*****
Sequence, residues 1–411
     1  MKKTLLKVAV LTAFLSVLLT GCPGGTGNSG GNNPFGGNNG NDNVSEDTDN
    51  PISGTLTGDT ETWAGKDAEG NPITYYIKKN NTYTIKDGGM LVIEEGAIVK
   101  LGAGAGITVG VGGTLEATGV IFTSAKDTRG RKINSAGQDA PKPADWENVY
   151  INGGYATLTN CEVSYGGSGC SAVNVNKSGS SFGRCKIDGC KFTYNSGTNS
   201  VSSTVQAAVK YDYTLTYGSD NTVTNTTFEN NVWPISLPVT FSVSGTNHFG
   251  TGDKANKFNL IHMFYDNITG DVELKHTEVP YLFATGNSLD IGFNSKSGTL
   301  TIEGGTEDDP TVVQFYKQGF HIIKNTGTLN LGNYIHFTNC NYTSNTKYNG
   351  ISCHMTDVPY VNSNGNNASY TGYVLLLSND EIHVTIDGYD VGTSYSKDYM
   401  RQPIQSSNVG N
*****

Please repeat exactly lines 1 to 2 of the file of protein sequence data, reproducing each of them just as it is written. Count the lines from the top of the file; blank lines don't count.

Sequence, residues 1–411
     1  MKKTLLKVAV LTAFLSVLLT GCPGGTGNSG GNNPFGGNNG NDNVSEDTDN